Recent Findings on ADHD Burnout

While there’s a wealth of research on burnout among autistic individuals, studies specifically targeting ADHD burnout are limited. However, given that ADHD and autism are now both classified as neurodevelopmental disorders, insights from autism research can provide valuable perspectives on ADHD burnout.

Most of the existing research on autism burnout has been influenced by the lived experiences of autistic individuals. This emphasis on firsthand accounts ensures that the findings are rooted in genuine experiences, offering a more accurate understanding of burnout in the neurodivergent community.

Regarding ADHD-specific research, a notable study focuses on medical students with ADHD. While this study doesn’t provide a comprehensive view of ADHD burnout, it highlights discrimination, stigma, and exhaustion issues. These medical students often grapple with feelings of not fitting in and face challenges in keeping up with their peers.

Here are some of the main points: Bullying and Isolation: Medical students with ADHD often face bullying, leading to feelings of isolation, which can contribute to burnout.

Lack of Support: When these students disclose their ADHD, the absence of personalized support in medical school intensifies their burnout risk.

Fear of Judgment: The pressure to maintain a professional image in medical school makes them hesitant to discuss their ADHD, adding to their stress and potential burnout.

Hidden Strengths: Despite facing burnout, these students possess ADHD-associated strengths, like empathy and resilience under pressure, which are often overlooked in the medical environment.

Need for Change: To combat burnout, medical schools should offer more support, like peer groups, and make necessary adjustments for students with ADHD.

In summary, while direct research on ADHD burnout is sparse, the broader understanding of burnout in the neurodivergent community, especially from autism studies, offers valuable insights. More targeted studies on ADHD burnout are needed to understand its nuances and implications fully.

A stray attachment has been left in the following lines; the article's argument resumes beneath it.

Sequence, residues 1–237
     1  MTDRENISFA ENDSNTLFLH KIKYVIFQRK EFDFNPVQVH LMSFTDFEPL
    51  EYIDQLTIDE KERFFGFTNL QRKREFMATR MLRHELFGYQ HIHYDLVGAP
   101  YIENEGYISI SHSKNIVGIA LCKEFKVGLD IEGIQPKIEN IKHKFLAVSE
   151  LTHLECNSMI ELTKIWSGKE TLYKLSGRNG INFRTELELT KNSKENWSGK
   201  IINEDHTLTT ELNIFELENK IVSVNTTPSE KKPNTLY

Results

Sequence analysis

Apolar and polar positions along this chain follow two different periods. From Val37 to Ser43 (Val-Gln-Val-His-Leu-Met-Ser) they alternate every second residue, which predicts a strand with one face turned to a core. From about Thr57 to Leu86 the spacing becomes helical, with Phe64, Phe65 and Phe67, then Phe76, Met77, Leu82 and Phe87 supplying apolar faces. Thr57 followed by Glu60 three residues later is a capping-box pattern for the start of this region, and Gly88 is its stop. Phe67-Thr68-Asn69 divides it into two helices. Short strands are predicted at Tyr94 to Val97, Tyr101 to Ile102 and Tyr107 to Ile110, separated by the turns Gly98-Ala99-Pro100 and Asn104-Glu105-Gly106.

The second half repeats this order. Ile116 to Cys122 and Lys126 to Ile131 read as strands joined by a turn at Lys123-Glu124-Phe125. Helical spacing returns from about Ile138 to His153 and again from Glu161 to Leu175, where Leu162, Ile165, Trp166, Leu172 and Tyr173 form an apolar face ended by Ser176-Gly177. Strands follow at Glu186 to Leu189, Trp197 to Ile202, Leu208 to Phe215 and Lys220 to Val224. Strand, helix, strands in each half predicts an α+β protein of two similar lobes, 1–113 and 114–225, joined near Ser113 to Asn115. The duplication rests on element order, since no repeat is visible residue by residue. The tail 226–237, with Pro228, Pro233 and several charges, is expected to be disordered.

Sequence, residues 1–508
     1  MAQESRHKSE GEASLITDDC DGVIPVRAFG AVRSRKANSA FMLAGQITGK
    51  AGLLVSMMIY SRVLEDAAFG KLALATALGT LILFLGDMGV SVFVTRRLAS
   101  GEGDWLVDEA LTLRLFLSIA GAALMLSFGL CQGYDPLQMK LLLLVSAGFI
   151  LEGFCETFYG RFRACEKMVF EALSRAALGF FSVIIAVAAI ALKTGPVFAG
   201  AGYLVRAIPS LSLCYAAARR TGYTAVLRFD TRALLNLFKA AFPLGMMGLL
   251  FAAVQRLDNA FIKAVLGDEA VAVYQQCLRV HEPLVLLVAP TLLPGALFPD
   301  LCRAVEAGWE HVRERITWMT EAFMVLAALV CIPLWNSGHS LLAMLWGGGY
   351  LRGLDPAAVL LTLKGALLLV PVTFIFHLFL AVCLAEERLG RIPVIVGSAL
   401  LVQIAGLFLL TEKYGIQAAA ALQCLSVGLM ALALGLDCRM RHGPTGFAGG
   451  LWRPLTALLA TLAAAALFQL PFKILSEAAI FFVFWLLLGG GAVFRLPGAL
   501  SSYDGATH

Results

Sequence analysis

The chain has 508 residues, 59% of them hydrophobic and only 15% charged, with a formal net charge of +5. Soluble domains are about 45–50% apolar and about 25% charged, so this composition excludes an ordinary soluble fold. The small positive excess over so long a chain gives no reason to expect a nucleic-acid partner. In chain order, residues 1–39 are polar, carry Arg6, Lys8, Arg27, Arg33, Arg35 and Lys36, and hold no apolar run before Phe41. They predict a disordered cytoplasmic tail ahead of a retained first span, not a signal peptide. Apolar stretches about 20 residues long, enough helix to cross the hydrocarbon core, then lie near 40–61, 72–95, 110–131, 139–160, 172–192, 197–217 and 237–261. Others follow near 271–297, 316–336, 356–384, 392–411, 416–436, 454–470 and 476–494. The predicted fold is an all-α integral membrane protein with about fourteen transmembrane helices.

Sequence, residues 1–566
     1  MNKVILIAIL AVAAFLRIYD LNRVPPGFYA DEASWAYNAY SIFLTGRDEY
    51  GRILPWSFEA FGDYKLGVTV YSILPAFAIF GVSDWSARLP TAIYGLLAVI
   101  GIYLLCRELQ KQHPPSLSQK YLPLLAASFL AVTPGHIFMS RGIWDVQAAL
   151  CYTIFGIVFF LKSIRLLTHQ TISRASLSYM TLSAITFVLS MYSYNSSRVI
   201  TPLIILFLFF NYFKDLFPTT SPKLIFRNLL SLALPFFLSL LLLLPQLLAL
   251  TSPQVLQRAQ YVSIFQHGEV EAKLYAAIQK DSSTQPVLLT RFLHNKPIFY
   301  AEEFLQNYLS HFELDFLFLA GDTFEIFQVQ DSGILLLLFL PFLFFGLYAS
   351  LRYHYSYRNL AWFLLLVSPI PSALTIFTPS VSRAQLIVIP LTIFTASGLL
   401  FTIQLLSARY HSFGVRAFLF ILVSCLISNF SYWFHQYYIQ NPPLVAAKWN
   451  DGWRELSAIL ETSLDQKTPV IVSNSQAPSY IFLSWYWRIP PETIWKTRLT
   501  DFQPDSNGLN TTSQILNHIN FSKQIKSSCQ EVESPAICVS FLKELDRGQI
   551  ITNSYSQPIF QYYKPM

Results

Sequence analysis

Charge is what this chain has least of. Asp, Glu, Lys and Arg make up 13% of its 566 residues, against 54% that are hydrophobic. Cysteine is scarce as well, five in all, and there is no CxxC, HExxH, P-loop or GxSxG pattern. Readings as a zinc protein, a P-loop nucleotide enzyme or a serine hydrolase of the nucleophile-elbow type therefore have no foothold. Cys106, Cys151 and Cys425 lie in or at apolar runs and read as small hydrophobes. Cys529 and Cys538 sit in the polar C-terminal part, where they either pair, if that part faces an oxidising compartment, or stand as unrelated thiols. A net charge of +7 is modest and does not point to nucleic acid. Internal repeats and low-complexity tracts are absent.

Are there any Treatments for ADHD Burnout?

1. Extended Rest: It’s crucial to take an extended break from the responsibilities that led to adhd burnout. Ideally, this would mean taking a hiatus from work for about 12 weeks. If this isn’t feasible, consider a substantial reduction in work responsibilities.

2. Work Adjustments: Transitioning to part-time work, eliminating particularly stressful tasks, or opting for remote work can help alleviate ADHD burnout symptoms. The goal is to minimize the factors that exacerbate burnout.

3. Limit Social Activities: If social interactions contribute to your adhd burnout, especially if they involve masking your true self, reducing such engagements is beneficial. Focus on activities that genuinely bring joy and relaxation.

4. Engage in Special Interests: Delving into hobbies or interests that you’re passionate about can be therapeutic. These activities can serve as a refuge, offering a break from the demands of daily life.

5. Unmasking: It’s essential to find environments where you can be your authentic self without the need to mask or conform to societal expectations.

6. Connect with Like-minded Individuals: Based on insights from research on autistic individuals, spending time with people who understand and share similar experiences can be healing. This often means connecting with other neurodivergent individuals or those with whom you can be genuine.

In essence, treating ADHD burnout revolves around creating a supportive environment that prioritizes well-being, authenticity, and genuine connections.

Lifestyle Changes to Combat ADHD Burnout: Returning to Life

To effectively address ADHD burnout, making specific lifestyle adjustments that prioritize well-being and reduce environmental stressors is essential.